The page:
As far as advertising is concerned, she referred to “aesthetic aha” – “that moment that just catches you and it makes you second guess or double take” – and rewards the consumer in some way. “When there’s a puzzle to be solved, the kind of visual trick that people get pleasure from because they’re engaging in meaning processes – now they’re getting pleasure from understanding.” 

A couple of caveats here though. “People get pleasure from these kinds of stimulus up until a certain point of complexity. When there’s too much complexity, then what happens is the pleasure decreases.”

And copying others is not a great strategy. Cadbury’s Gorilla ad worked for the brand but “then all the other brands started putting animals in their ads and all of a sudden the effect just diminishes. 

“We should not be focusing on the images here. We should be focusing on the act of information processing,” McGuinness advised. “That opens up a whole other door of how we consider communication, how we consider creative effectiveness and how we look at advertising.” 

There is a “sweet spot of conflict” which depends on multiple factors – what mindset people are in, how much cognitive resource do they have available (and how much do they want to take on), are they even interested in what you’re talking about. It may be hard to pinpoint, but artists tend to hit it pretty well, she suggested – and the advertising industry tends to pick up on trends in art. 

Audio attention is different 

Attention in the auditory world is a very different matter. Walnut’s Andy Myers explained that it’s temporal – it takes time to decode all the signals the ear is picking up – and that while you can close your eyes, your ears are always on and covering sounds near and far. And there’s no “ear tracker” for audio attention.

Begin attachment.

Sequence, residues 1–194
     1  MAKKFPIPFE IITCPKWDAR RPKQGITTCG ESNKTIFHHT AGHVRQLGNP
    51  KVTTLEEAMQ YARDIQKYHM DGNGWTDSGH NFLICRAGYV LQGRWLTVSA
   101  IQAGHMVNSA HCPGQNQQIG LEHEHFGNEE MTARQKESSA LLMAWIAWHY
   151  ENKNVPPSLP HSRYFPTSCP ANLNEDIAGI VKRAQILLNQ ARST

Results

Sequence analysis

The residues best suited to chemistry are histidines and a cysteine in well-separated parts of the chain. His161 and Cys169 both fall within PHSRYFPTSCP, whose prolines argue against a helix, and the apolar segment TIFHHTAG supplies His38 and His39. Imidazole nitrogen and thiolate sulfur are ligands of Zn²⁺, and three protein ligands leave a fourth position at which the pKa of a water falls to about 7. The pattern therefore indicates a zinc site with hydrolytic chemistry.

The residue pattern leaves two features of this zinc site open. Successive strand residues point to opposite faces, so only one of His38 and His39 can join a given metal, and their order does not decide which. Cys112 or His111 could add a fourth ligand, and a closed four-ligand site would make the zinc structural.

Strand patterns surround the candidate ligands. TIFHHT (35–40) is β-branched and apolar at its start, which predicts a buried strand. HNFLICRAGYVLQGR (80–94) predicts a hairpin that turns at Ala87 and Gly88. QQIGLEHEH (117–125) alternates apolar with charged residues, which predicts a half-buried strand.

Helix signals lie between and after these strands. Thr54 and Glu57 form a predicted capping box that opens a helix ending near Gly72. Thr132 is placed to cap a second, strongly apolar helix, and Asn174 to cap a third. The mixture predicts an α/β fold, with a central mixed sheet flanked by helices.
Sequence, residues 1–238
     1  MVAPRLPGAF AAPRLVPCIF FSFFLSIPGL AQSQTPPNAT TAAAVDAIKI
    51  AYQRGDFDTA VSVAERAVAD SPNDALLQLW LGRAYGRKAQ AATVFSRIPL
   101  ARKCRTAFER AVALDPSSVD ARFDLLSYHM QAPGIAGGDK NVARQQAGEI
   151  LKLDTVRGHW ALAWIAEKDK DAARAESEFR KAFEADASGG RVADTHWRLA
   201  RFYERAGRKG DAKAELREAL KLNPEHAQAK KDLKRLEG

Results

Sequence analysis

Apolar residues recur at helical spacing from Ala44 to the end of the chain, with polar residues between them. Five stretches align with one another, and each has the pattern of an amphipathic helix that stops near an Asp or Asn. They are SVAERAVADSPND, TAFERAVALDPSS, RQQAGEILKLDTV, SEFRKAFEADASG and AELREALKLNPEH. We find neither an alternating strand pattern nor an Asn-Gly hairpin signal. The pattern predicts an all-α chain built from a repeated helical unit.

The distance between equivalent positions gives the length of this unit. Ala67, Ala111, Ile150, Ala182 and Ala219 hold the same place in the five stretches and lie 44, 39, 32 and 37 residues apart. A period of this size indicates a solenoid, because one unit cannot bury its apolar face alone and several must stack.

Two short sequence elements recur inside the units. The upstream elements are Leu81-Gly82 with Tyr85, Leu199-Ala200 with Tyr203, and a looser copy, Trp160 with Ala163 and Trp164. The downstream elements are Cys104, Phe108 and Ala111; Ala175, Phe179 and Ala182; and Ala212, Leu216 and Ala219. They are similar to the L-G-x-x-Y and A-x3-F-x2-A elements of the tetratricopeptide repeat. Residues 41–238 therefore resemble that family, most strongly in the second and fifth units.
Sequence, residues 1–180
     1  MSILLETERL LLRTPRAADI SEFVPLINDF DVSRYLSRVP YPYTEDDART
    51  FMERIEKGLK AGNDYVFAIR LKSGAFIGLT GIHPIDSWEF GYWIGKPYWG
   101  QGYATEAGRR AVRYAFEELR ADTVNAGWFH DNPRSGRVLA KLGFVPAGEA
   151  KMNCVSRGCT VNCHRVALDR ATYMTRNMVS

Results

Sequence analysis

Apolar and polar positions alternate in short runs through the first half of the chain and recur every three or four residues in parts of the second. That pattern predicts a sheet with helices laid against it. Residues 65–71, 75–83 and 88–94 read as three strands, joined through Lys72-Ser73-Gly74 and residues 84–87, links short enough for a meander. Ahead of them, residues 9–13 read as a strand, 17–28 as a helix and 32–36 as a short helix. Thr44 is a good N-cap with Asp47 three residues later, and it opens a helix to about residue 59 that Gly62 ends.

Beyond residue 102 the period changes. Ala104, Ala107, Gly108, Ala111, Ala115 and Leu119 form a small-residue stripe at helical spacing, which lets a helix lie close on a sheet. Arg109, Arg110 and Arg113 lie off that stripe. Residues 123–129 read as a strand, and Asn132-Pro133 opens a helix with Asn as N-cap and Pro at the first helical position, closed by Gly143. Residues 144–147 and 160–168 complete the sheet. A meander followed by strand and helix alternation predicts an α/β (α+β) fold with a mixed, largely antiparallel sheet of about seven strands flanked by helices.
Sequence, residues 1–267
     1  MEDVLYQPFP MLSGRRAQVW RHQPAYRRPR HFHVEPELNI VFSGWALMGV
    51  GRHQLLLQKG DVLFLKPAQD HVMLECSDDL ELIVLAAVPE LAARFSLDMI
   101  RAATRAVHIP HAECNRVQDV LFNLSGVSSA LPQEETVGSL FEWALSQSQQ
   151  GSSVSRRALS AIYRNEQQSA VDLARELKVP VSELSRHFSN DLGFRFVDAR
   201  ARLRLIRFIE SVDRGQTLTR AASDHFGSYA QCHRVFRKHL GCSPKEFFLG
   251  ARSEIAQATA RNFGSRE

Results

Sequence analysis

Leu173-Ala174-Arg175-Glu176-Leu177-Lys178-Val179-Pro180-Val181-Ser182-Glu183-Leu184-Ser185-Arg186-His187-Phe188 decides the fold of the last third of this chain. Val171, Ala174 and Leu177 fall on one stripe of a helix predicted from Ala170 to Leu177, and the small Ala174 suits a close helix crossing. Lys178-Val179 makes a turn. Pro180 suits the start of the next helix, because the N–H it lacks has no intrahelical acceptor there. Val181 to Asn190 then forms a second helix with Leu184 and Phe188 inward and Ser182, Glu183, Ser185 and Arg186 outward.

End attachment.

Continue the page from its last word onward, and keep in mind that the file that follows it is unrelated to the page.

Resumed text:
But a piece of research with Global sought to dig a little deeper into the erroneous industry notion that high attention is necessarily good and low attention bad. Participants were divided into two attention states of active and passive listeners, with the latter asked to perform a task while listening to music radio, talk radio or podcasts which included ad breaks with several different types of ad. 

Active listeners were better at recalling brands, as one might expect, but brand consideration was the same or higher for passive listeners. “That challenges the paradigm that we have to be aware to be able to process information,” said Myers. 

The post-research survey also included some fake information which active listeners were more likely to say they recalled – “again, it doesn’t mean that active listening is necessarily good and high attention is necessarily good”.

Congruence is important for the processing of advertising and how our attention shifts within that, he added. An ad that might be an abrupt shift in mood on music radio, for example, could work well in a talk radio context where a host is already switching continually between callers. 

Brand familiarity will also be a factor in gaining active or passive attention. “Second brand mentions in radio advertising gave a boost,” Myers noted. “There’s a media planning take out there about repetition of advertising.” 

There is, he concluded, “a massive spectrum between what we call active and passive attention”. And the good thing from an advertiser’s point of view is that “attention is prone to even the simplest priming – I can guide your attention quite easily.”